The Stockmanship division will be comprised of beef industry-focused events and competitions that are held in conjunction with BEST shows and OCA events. This division of the BEST program is open to all Ohio youth regardless of if they own or show cattle during the BEST show season. If an existing BEST participant would like to sign up for the Stockmanship division, they will do so under their BEST user profile at best.ohiocattle.org for no additional cost outside of existing cattle nominations. If age-eligible individuals would like to participate in the Stockmanship division but don’t have any cattle enrolled in the 2019-2020 BEST program, they should create their username and profile at best.ohiocattle.org (if they don’t have an existing account either BEST or non-BEST) and elect to participate in the Stockmanship division.… Continue reading

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Genetic excellence a family tradition at Bunker Hill Farm

By Matt Reese

Whether through on-farm production, the show ring or industry service and leadership, the Shultz family and Ohio’s sheep industry have been intertwined for generations on Bunker Hill Farm in Logan County. The current generation on the farm — Bill and Susan Shultz — were recognized with the 2019 Charles Boyles Master Shepherd Award Dec. 14.

“The award is about being good shepherds and good sheep people, but also leadership and involvement in the industry,” said Roger High, executive director of the Ohio Sheep Improvement Association, Ohio Sheep and Wool Program and director of livestock policy for Ohio Farm Bureau. “Both Bill and Susan as well as Bill’s dad have been very involved in the leadership of the Ohio Sheep Improvement Association for what is now 70 years.”

Farrell Shultz served as the first president of the Ohio Sheep Improvement Association in 1949. His son, Bill, served as OSIA president in 1979 and Bill’s wife, Susan, served as president in 2009.… Continue reading

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World champion Buckeyes celebrate success in the sawdust

By Emily Beal, writer for The Ohio State University College of Food, Agriculture and Environmental Sciences

This time of year, Ohio State University fans around the world are getting ready to watch a Buckeye team make a run for a National Championship. Many, though, many not realize that there are already some 2019 champion Buckeyes that compete in a different type of venue. The Ohio State Dairy Judging Team proved it was the cream of the crop, placing first at the National Intercollegiate Dairy Cattle Judging Contest at the World Dairy Expo in Madison, Wis. this fall. The last time Ohio State won the contest was in 1986.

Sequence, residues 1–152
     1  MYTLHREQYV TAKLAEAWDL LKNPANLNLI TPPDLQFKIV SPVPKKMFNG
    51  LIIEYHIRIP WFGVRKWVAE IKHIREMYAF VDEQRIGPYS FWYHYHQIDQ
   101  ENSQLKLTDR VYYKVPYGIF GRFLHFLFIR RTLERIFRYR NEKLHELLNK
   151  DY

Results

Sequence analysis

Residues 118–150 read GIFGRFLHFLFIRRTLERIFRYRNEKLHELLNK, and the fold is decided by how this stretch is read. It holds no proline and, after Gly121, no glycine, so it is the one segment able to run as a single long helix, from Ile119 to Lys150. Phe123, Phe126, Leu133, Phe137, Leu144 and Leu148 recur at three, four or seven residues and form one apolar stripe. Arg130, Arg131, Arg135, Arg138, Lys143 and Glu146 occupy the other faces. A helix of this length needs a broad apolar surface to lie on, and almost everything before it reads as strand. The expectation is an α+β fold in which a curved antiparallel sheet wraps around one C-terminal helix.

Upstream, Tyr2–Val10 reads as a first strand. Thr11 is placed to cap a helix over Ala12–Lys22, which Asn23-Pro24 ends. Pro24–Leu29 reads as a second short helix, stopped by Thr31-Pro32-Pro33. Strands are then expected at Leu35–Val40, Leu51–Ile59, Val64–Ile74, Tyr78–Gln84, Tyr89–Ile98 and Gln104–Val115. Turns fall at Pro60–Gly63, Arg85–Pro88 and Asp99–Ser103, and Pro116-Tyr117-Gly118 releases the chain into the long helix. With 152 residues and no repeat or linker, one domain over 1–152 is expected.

The Dairy Judging Team placed first among 18 schools in the National Intercollegiate Dairy Judging Contest on Sept. 30. Coached by Bonnie Ayars, The Ohio State University team placed seventh for reasons with a score of 788. The team consists of fourth-place overall individual Billy Smith and ninth-place overall individual Lauren Almasy along with Sarah Lehner and Ian Lokai.… Continue reading

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USDA extends deadlines for Dairy Margin Coverage, Market Facilitation programs

Due to the prolonged and extensive impacts of weather events this year, the U.S. Department of Agriculture (USDA) extended the deadline to Dec. 20 for producers to enroll in the Dairy Margin Coverage (DMC) program for the 2020 calendar year. The deadline had been Dec. 13. USDA announced is also continuing to accept applications for the Market Facilitation Program through Dec. 20.

“2019 has challenged the country’s ag sector — prevented or late planting followed by a delayed harvest has been further complicated by wet and cold weather,” said Bill Northey, USDA Under Secretary for Farm Production and Conservation. “Because some of our producers are still in the field, time to conduct business at the local USDA office is at a premium. We hope this deadline extension will allow producers the opportunity to participate in these important programs.”

Authorized by the 2018 Farm Bill and available through USDA’s Farm Service Agency (FSA), the program offers reasonably priced protection to dairy producers when the difference between the all-milk price and the average feed cost (the margin) falls below a certain dollar amount selected by the producer.… Continue reading